After breezing through its non-conference schedule, the UW men’s soccer team starts its Big Ten season against one of the conference’s best teams in Indiana. The game, scheduled for 2 p.m. Sunday, is the first big test for Wisconsin.
Indiana, currently ranked 14th nationally in the NSCAA/Adidas poll, will also be playing in its first Big Ten game. Although Indiana will be one of Wisconsin’s main threats for the conference title, Wisconsin has extra motivation to beat the Hoosiers. Since 1995, the Hoosiers have not lost to the Badgers. In fact, before last year’s 0-0 tie, Indiana had actually beaten Wisconsin 14 consecutive times.
Although this year’s team has never tasted any success against Indiana, the defeats have only made the Badgers more motivated.
“I love playing against Indiana; they’re a very competitive team,” senior forward Victor Diaz said. “You learn from that, and it’s a great feeling to play against a team that is going to be there and going to be competitive.”
Early in the season, Wisconsin appeared to be in top form, going undefeated in the first five games of the season, including a shutout of Santa Clara. Although Sunday’s 1-0 loss to Binghamton broke the unbeaten streak, the team still appears to be heading in a positive direction.
“I think we’ve been doing pretty well,” Diaz said. “This is the best start we’ve had so far since I’ve been here, so it’s a good sign to head into the Big Ten.”
The loss to the Bearcats in the UW-Milwaukee Panther Classic temporarily dropped Wisconsin out of the national polls from its 21st ranking. Despite not getting the national attention Indiana has this season, the Badgers feel they are up to par with the Hoosiers.
“Rankings don’t really mean anything to me because it’s just a number,” senior defenseman Andy Miller said. “Any team can be beaten that day.”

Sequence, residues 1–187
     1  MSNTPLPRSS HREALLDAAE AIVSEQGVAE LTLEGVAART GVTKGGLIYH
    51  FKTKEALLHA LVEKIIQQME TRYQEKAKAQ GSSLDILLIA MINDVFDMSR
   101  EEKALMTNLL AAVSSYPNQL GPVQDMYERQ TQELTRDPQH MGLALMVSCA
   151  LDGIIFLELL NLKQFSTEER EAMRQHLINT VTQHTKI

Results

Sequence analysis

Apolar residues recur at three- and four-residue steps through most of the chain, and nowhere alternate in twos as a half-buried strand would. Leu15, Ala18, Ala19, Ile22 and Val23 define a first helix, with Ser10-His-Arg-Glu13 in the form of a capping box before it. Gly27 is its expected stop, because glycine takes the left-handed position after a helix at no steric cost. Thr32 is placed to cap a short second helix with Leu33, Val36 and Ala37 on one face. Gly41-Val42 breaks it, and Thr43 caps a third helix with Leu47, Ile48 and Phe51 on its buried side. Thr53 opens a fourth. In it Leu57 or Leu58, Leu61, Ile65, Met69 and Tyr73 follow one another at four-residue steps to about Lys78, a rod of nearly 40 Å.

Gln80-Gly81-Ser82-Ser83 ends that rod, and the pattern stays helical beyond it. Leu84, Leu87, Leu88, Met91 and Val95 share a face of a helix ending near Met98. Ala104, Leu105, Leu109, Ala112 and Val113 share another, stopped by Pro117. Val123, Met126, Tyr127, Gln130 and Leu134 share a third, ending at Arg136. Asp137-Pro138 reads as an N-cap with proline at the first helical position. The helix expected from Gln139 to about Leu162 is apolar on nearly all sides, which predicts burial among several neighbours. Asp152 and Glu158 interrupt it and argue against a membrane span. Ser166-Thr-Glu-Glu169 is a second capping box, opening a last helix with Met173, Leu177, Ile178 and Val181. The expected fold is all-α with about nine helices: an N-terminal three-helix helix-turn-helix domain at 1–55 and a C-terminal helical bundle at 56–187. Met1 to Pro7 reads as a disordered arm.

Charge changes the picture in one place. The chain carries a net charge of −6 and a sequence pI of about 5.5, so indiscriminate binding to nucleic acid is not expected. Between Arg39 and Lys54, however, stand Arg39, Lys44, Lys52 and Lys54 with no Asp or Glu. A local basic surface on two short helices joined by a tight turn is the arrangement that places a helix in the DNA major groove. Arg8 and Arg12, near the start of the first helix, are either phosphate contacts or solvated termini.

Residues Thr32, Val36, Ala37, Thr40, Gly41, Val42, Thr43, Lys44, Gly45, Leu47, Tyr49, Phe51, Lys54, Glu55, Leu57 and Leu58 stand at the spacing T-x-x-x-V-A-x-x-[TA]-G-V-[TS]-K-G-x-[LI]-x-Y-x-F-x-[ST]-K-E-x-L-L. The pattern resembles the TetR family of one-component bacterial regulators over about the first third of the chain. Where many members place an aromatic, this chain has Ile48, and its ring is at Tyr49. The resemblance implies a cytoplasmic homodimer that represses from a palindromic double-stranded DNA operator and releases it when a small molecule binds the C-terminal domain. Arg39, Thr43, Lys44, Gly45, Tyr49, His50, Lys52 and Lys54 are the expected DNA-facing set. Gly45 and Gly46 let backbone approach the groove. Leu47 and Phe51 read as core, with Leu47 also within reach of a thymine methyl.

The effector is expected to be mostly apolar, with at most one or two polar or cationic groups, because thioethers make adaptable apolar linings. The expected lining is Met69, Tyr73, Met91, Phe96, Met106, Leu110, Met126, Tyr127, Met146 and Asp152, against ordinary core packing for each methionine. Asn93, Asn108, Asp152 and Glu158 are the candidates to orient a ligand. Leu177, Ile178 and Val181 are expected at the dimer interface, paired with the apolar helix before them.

Miller’s approach is especially fitting in light of Indiana’s early season loss. Despite being ranked third in the national polls after their first game, the Hoosiers suffered a humiliating 4-0 loss to an unranked Dartmouth team.
“We just treat this like any other match,” Diaz said. “We know Indiana is a very good team, but I think we have a chance to beat them.”
To beat the Hoosiers on the road, Wisconsin is going to have to play even better than it did during its successful early season stretch. Indiana’s Chay Cain has recorded three shutouts in the first six games of the season en route to giving the Hoosiers the second best goals against average in the Big Ten. The key to the match, according to head coach Jeff Rohrman, is to be aggressive.
“I think there’s some things we can do that can give them some problems in terms of our ability to get forward transition,” Rohrman said. “Indiana’s a team that likes to play in the midfield so we have to present that as a challenge and try to win things through our good defending and then be good in transition as far as getting out of that.”
Although the Badgers have been unable to defeat the Hoosiers recently, last year’s 0-0 tie only serves as a reminder that the teams are starting to even up.
“I thought last year we played them well here,” Rohrman said. “I thought that game could have gone well either way.”
In addition to being a rivalry game, the match will also serve as a strong indicator of how these teams will do in Big Ten play.
With the teams more evenly matched this year, the difference maker could very well come in a single play.
“It’s going to come down to one or two moments in the game when we just have to be prepared to take advantage of our opportunities,” Rohrman said. Whenever that moment may come, expect the Badgers to be prepared to take advantage of it.
“We know we got to come out real hard,” Miller said. “Nobody’s going to be not ready to play.”